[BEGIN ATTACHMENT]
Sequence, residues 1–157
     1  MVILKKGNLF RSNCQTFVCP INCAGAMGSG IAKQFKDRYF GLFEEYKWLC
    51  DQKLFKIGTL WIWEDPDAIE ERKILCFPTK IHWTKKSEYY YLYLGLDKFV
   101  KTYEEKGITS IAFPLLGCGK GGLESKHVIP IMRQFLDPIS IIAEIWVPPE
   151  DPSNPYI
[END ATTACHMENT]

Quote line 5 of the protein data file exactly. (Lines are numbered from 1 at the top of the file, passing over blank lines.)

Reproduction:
   151  DPSNPYI